By Daniel A. Barone, MD, FAASM
Assistant Professor of Neurology, Weill Cornell Medical College, Center for Sleep Medicine
Dr. Barone reports no financial relationships relevant to this field of study.
Based on this innovative study using optogenetic microdialysis, the mechanisms underlying restless legs syndrome include dopamine-mediated hypersensitivity of corticostriatal neurons to glutamate release.
Yepes G, Guitart X, Rea W, et al. Targeting hypersensitive corticostriatal terminals in restless legs syndrome. Ann Neurol 2017;82:951-960.
Restless legs syndrome (RLS) is a common neurologic disorder characterized by a rest-induced, movement-responsive, nocturnal urge to move the legs. Often, it is associated with periodic leg movements during sleep (PLMS) and hyperarousal. Altered dopamine function plays a major role in PLMS symptomatology, supported by the therapeutic response to L-dopa and dopamine receptor agonists (i.e., pramipexole and ropinirole), as well as the biochemical changes related to the dopamine system. Additionally, it appears that glutamate mechanisms are involved in both PLMS and the hyperarousal component of RLS, supported by the efficacy of ligands of the subunits of calcium channels (i.e., gabapentin, pregabalin) on these symptoms, the subunits being localized preferentially in neuronal glutamate terminals.
Yepes et al reported two major aims: to demonstrate a previously hypothesized increased sensitivity of corticostriatal glutamatergic terminals in the rodent with brain iron deficiency (BID) (a pathogenetic model of RLS), and to determine whether the glutaminergic terminals could be a target for drugs effective in RLS, particularly the dopamine agonists (pramipexole and ropinirole) and ligands (gabapentin).
The authors used optogenetic-microdialysis, which is a technique involving the use of light to control cells in living tissue, typically neurons that have been genetically modified to express light-sensitive ion channels. This technique allows the measurement of the extracellular concentration of glutamate on local light-induced stimulation of corticostriatal glutamatergic terminals. This method also allows analysis of the effect of local perfusion of compounds within the same area being sampled for glutamate.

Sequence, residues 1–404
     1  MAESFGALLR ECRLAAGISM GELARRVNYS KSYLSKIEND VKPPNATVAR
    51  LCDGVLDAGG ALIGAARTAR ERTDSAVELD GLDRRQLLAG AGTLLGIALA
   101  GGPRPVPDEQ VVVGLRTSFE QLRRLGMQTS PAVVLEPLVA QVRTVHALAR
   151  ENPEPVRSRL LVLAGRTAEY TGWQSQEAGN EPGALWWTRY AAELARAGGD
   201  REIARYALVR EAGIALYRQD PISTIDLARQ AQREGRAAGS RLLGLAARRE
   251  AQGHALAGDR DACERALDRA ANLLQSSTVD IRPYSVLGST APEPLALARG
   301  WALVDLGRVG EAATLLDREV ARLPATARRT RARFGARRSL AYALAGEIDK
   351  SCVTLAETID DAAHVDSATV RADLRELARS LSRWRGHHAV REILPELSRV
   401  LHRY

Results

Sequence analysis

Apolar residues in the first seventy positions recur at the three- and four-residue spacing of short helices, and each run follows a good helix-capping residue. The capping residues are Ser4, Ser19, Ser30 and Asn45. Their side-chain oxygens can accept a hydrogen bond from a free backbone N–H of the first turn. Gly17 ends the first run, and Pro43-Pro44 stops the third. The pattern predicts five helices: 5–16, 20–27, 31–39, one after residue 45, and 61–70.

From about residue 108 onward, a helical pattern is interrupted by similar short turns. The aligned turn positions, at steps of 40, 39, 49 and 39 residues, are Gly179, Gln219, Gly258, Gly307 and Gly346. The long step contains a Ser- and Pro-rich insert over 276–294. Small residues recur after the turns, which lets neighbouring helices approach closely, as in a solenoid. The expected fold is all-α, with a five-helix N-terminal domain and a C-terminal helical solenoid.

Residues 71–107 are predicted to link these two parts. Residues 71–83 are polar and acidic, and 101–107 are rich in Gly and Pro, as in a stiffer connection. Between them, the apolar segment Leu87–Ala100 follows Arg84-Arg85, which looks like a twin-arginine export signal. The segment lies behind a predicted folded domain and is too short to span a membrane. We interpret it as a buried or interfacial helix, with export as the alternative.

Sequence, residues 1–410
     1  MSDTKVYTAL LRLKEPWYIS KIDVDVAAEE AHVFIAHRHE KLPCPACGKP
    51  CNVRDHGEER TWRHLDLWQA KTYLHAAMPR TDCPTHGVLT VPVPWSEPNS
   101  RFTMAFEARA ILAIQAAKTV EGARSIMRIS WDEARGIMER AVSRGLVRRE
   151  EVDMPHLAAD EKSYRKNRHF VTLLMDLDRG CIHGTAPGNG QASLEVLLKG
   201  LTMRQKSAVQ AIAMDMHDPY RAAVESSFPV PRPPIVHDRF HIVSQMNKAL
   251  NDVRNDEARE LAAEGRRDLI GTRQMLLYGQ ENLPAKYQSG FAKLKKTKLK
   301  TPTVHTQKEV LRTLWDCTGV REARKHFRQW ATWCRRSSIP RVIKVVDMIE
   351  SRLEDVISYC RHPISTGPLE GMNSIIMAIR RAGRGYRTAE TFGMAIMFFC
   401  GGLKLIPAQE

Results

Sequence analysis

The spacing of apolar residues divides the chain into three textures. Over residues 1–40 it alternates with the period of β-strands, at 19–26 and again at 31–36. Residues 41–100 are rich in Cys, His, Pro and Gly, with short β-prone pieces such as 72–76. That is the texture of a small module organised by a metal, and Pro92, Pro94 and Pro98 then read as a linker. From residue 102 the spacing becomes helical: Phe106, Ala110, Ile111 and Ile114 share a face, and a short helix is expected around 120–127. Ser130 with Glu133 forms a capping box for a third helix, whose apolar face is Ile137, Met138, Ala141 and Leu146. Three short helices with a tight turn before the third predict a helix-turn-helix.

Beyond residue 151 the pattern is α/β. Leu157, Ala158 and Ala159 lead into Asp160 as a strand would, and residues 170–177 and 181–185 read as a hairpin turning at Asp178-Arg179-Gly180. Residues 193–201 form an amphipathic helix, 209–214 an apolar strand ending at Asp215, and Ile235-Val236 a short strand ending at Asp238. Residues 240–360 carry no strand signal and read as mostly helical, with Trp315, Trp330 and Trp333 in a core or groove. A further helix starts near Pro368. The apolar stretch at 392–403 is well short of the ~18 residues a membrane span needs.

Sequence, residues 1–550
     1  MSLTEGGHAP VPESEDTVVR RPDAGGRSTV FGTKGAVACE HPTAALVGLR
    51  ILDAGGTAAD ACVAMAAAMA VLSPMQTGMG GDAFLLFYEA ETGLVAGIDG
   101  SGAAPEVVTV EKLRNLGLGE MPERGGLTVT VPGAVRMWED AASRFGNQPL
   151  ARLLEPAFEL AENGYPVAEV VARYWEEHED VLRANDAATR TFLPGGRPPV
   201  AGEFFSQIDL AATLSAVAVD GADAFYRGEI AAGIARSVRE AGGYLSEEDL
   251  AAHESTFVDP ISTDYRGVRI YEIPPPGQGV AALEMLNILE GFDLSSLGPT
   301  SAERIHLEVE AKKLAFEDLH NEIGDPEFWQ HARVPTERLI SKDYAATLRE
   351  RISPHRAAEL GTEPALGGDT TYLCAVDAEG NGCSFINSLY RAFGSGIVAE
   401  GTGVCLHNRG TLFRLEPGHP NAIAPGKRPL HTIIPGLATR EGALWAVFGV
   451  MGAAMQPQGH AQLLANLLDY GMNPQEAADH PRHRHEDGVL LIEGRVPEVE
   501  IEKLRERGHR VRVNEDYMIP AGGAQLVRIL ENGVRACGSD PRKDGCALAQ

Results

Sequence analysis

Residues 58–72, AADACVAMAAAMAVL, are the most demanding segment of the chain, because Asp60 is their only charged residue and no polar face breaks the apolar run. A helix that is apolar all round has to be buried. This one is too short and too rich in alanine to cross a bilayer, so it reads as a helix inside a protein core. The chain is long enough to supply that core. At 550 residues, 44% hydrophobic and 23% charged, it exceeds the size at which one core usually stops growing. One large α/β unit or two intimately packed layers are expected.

Rodents with BID showed hypersensitivity of corticostriatal glutamatergic terminals; that is, they required a lower frequency of optogenetic stimulation to induce glutamate release. In both the hypersensitive and control glutamatergic terminals, the authors demonstrated that the terminals were targets for locally perfused pramipexole, ropinirole, and gabapentin, as they all significantly counteracted optogenetically induced glutamate release. Furthermore, using selective antagonists, the authors demonstrated that there was involvement of dopamine D4 and D2 receptor subtypes in the effects of pramipexole.
The authors concluded that hypersensitivity of corticostriatal glutamatergic terminals can comprise a major mechanism of RLS symptoms. They went on to point out that selective D4 receptor agonists, by specifically targeting these terminals, should provide a new efficient treatment with fewer secondary effects.
This is scientifically sound study, and although done in rodents, the potential clinical implications in humans are quite robust. Others have studied dopamine, iron, and opioid systems extensively to identify the physiological mechanisms underlying RLS, and although no singular model has sufficed, this paper sheds light on a new approach. The ligands (gabapentin and pregabalin) already have been presumed to decrease glutamatergic neurotransmission and, thus, treat RLS. However, the ability of the dopamine agonists pramipexole and ropinirole to modulate the function of corticostriatal glutamatergic terminals implies a conceptual change in their presumed therapeutic mechanism. Dopamine D2SR and D4R are the D2-like receptor subtypes preferentially localized in corticostriatal glutamatergic terminals and involved in a direct modulation of striatal glutamate release. The implication is that more selective D2SR and D4R agonists could be potential medications for RLS. D4R agonist is more likely to be effective because it is more selectively expressed by corticostriatal neurons, and activation of D2LR might contribute to unwanted side effects in RLS, such as augmentation).
Decreased iron concentrations in the substantia nigra can precipitate RLS, as it is one of the primary brain regions in which dopamine-producing cells reside, and an inverse relationship has been demonstrated between iron concentrations in the substantia nigra and the severity of RLS symptoms. This study demonstrated that BID in rodents results in hypersensitive corticostriatal terminals, which show an increased sensitivity to depolarization-induced glutamate release. Prior studies have shown a higher prevalence of RLS symptoms in conditions that compromise iron availability, but most patients with RLS do not have systemic iron deficiency. Very little is known regarding how iron is regulated by the blood-brain barrier or by the different cells within the brain, or how a brain region can be low in iron yet other organs in the body have normal levels.
Opiate medications are considered alternative treatment for RLS, but the precise mechanisms by which they improve RLS are not well understood. Opiate receptors have been identified in the dorsal horn and are likely involved in regulating incoming nociceptive sensory information, as well as in brainstem areas (periaqueductal grey and in the basal ganglia), which could be sites involved in improvement of symptoms. Neither improvement in iron stores nor the use of opiate medications have clear mechanisms to explain RLS and the improvement of symptoms through their application, yet these interventions do tend to work. Although the authors have made a step forward in our understanding of RLS, there remains much to be discovered.